SNA Server 4.0 extends the product’s already broad reach even further, pairing important new protocol gateway features with innovative data and transaction integration features. In particular, SNA’s new ability to provide seamless access to mainframe transaction code will provide Windows developers with the best of both worlds. For straight terminal access, organizations that don’t want to run IP directly on their host will find SNA Server the most complete option around.
Pros: Rich 3270 and 5250 emulation services; failover and load balancing; allows host COBOL components to be run using Microsoft’s Transaction Server; OLE DB host data access driver; new support for Physical Unit pass-through, compression and LU 6.2 security.
Cons: Server runs only on Windows NT 4.0; no Web-based management of server; OLE DB driver doesn’t provide an API set broad enough for many real-world uses.
Pressing forward on all fronts, Microsoft Corp.’s SNA Server 4.0 beefs up its already impressive SNA protocol gateway support with new tools that make it dramatically easier for Windows programmers to access host resources.
PC Week Labs evaluated a beta release of SNA Server 4.0, expected in the first quarter of next year (prices have not yet been announced), and found the package a soup-to-nuts host connectivity package, offering a wide variety of tools and services that make just about anything on a mainframe or AS/400 easy to access from a PC.
However, shops without Windows clients won’t find nearly as much value in SNA Server 4.0 as Windows-only shops will–OS/2 is particularly well-represented in organizations that require strong host connectivity. New features aside, SNA Server still provides a rich set of SNA gateway features that all organizations will be able to use.
In addition to testing 5250 terminal emulation over a TCP/IP link to an in-house IBM AS/400, we set up access to AS/400 shared folders using SNA Server; we then could access the shared folders from other systems with only the normal Windows networking client installed. SNA Server also supports 3270 connections to mainframes.
In addition to Windows NT, SNA Server provides client libraries for DOS, Windows 3.1 and Windows 95. Macintosh, OS/2 and Unix clients are available from third parties.
Newly supported in SNA Server 4.0 are Physical Unit pass-through, which enables SNA Server to support terminal hardware or printers that must be assigned particular Physical Unit identifiers; compression of SNA packets; and LU 6.2 security, which allows organizations to require that users access the host only through a particular LU connection.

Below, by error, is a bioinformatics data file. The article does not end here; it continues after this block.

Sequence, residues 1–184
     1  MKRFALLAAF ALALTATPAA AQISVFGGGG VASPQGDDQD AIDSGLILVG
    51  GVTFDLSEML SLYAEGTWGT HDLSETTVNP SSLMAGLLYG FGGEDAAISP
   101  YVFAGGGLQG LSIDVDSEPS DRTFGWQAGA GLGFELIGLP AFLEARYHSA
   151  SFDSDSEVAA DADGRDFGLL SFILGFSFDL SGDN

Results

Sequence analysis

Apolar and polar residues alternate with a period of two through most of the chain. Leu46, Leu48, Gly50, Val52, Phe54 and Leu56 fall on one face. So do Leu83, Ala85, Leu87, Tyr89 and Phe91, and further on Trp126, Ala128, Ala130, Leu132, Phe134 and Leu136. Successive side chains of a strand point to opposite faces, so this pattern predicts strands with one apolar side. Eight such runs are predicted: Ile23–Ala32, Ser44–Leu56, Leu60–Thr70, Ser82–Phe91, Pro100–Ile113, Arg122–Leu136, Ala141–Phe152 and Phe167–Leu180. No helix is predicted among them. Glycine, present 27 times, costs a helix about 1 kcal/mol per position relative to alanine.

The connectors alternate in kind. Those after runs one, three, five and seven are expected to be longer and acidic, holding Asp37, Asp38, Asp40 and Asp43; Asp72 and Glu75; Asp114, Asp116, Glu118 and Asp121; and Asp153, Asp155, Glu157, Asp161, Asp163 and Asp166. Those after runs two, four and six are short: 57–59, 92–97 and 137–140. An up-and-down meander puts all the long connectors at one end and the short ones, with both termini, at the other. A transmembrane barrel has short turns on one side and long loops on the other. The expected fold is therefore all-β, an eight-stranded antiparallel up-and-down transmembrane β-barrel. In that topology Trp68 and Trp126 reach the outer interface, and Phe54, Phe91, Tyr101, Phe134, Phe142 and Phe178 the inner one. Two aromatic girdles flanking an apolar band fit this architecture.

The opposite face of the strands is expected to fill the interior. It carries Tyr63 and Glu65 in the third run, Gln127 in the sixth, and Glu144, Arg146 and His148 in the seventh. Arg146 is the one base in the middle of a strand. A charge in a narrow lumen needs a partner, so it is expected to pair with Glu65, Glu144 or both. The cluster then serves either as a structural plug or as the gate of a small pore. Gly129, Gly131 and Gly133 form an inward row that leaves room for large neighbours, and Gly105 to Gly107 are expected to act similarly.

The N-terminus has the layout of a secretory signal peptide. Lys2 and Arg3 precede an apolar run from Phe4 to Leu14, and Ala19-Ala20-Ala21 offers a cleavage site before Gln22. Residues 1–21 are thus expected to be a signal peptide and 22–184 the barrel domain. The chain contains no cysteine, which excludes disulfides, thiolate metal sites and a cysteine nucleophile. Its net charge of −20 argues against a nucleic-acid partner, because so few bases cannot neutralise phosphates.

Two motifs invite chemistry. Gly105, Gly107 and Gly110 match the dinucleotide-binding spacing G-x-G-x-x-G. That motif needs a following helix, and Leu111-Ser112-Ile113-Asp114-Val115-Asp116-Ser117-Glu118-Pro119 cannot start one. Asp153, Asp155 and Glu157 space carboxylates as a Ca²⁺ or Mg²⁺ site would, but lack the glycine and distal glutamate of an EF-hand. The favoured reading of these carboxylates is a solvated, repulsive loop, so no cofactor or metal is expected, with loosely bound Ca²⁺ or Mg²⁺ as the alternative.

SNA Server’s main competition, IBM’s Communications Server, already supports these SNA features.
SNA Server continues to provide robust failover and load balancing across groups of SNA Servers, a major advantage for organizations that must have host-access gateways that approach the reliability of the host systems to which they connect.
IBM’s Communications Server doesn’t provide as flexible support for failover or TN5250 emulation as SNA Server does–a big drawback for organizations that want to use TCP/IP-based clients to access AS/400 systems. (IBM plans to add TN5250 support in Communications Server 5.1, which is slated to ship at about the same time as SNA Server 4.0.)
Communications Server provides much greater deployment flexibility than Microsoft’s SNA Server, however, because the IBM product runs on a variety of operating systems. Communications Server also provides limited Web-based management, whereas SNA Server does not.
A new OLE DB driver
SNA Server’s new OLE DB driver can access both AS/400 physical and logical files, as well as mainframe sequential access method, virtual sequential access method and partitioned data sets.
We set up an OLE DB link to an AS/400 physical file and were able to browse, search and modify the original file directly from our PC. OLE DB is still a prototype technology, however, and we recommend that organizations hold off until more clients support it and until Microsoft overhauls the ADO (Active Data Object) libraries (which use OLE DB) to add critical core functionality.
In particular, ADO currently lacks (and badly needs) support for Binary Large Objects, user-defined data types, more flexible locking, and more precise date and time handling.
When these features are delivered, ADO will become a more realistic option for real-world development.
A big integration feature that will be put to use immediately is SNA Server’s COM (Component Object Model) Transaction Integrator for IBM’s CICS (Customer Information Control System) and IMS (Information Management System).
We don’t have a System 390, so we couldn’t test this feature ourselves, but what we saw will certainly catch the eye of shops that want to leverage proven debugged mainframe code in their Windows applications.
SNA Server includes a COBOL Wizard, which PC Week Labs used to import source code for a variety of CICS transactions written in COBOL. The COBOL Wizard parsed out CICS communication definitions from the source code and automatically built an equivalent COM object that runs in Microsoft’s Transaction Server. No mainframe code changes are required to support this feature.
Whenever any package calls this COM object, the COM object uses SNA Server to transparently call the associated mainframe code. Two-phase commit support between Windows and mainframe components is automatically provided by Transaction Server.
Transaction calls running in the other direction (from mainframe to PC) aren’t currently supported, a feature that would allow mainframe shops to off-load processing to less expensive PC systems.